It is, in a superficial sense, a good thing that the modern world affords us so much comfort. We live in air-conditioned rooms. Our cars have airbags. Banks have plenty of money for loans. We are surrounded by companies that provide us services we need and want to the point that we indulge far more than restrain ourselves.

But you know what they say about “too much of a good thing.” For instance, in time, good things can form bad habits that lead to disasters. Good times make weak men, etc. etc. Many of our “good things” in life have come in the form of a social safety net. A prosperous society has given rise to all sorts of contingency plans for everyone, from the down and out to the filthy rich. With everything from the FDIC to public schools to Medicare, and a thousand other programs in between, it’s almost impossible to fail in America. Both the indigent drug addict and the billionaire hedge fund manager have safety nets at their disposal in order to ensure that no one falls through the cracks. You are either so down and out that you desperately need help, or you are “too big to fail.”

The Dangers of Too Much Safety

The cost of excessive safety nets is accountability. They may avert some disasters from happening at a local level, but eventually, the chickens will come home to roost.

Think, for example, of the working-class retiree who has insufficient income from Social Security and Medicare to cover a doctor’s visits. One person’s local disaster is averted, but such programs, if not properly prioritized and funded, become liabilities for the nation as a whole. As a great man once said, “Many such cases.”

It’s hard to say exactly when our consequence-free society began, but the inner-Libertarian in me points to the Federal Reserve. The Federal Reserve is a system that acts as a guarantor for local banks. It was originally established to avert the personal disasters caused by bankruptcies, as a result of numerous failures in the late 1800s and early 1900s.

Never mind, though, that bankruptcies continued well after the creation of the Federal Reserve. Indeed, the very existence of the Federal Reserve (and its cousin the Federal Deposit Insurance Corporation) has created moral hazard and led to even more bank failures occurring after its creation than before—1929, anyone? The point is that America’s financial system is held together by the promise of bailouts, which are ultimately paid for by the taxpayer. And, in fact, this is true for the global financial system as well, too. The bailouts, relatively small at first, eventually increase in size and ultimately lead to financial ruin. The incredible scope of the 2008 bailouts is an indication that these bailouts are likely to grow until a point where there is not enough money in the system to save all the institutions.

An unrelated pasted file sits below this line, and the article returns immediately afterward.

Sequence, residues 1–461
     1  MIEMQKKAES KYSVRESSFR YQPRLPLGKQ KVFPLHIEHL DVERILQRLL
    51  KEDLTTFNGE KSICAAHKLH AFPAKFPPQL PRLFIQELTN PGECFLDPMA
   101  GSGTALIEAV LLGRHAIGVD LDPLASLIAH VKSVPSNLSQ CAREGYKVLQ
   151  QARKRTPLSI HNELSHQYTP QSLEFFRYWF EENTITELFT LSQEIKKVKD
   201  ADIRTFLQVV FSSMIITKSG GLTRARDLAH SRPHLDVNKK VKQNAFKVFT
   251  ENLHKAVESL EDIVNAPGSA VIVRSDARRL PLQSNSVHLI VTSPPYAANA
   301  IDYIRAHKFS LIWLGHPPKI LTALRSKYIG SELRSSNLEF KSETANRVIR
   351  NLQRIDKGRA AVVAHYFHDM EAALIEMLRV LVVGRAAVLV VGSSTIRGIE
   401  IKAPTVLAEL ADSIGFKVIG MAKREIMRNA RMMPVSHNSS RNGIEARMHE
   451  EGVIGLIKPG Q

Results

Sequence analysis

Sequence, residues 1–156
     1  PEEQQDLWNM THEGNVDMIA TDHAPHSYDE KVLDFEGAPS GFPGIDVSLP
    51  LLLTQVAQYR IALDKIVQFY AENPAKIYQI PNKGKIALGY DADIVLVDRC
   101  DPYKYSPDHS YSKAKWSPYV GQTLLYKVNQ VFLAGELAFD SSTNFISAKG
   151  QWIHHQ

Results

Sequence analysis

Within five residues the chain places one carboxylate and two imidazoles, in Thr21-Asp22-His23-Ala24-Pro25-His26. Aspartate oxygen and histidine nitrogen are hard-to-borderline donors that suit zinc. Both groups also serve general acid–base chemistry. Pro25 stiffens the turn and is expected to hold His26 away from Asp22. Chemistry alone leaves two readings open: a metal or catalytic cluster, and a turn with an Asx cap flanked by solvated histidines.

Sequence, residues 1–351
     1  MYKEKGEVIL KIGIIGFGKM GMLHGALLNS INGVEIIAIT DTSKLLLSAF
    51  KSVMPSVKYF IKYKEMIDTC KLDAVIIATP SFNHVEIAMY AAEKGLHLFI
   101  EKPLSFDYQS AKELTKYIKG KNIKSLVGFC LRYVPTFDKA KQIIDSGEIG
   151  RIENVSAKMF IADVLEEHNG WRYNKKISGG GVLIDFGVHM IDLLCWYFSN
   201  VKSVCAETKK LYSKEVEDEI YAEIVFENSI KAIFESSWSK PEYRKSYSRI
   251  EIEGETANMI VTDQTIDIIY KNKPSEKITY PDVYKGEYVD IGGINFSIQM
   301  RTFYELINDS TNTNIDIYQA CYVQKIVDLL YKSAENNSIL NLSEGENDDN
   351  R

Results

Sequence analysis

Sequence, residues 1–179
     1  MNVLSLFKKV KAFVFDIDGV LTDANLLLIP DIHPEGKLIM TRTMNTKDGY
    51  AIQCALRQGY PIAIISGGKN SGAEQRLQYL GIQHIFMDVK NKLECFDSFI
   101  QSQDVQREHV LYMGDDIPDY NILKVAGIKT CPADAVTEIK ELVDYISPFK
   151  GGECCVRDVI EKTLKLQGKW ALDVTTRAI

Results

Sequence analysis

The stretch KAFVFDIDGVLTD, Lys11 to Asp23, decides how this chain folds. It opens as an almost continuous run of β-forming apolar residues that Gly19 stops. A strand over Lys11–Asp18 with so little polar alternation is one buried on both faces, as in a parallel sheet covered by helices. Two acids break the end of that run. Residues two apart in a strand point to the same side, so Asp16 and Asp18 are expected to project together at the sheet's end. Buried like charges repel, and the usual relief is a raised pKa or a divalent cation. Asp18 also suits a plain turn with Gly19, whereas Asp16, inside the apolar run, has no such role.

There is no way out of this impending economic disaster, and it is not possible to simply “print” more money in order to "create" prosperity. Eventually, the laws of economics do their thing. Keep in mind that the entire global financial system we take for granted is perpetuated by creating money out of thin air. The long-term result can only be inflation, economic collapse, and the need for yet more government control and regulation.

The aforementioned “entitlements” are the next looming disaster (and not entirely unrelated to the inflation caused by the excessive money-printing.) Designed for a population that didn’t live quite as long as we do today and that tended to have more children, the system is now a demographic black hole. The sum total of our country’s unfunded liabilities is simply staggering. “Thus, with Social Security and Medicare included in the assessment, the federal government’s unfunded liabilities in 2021 are $93.1 trillion…”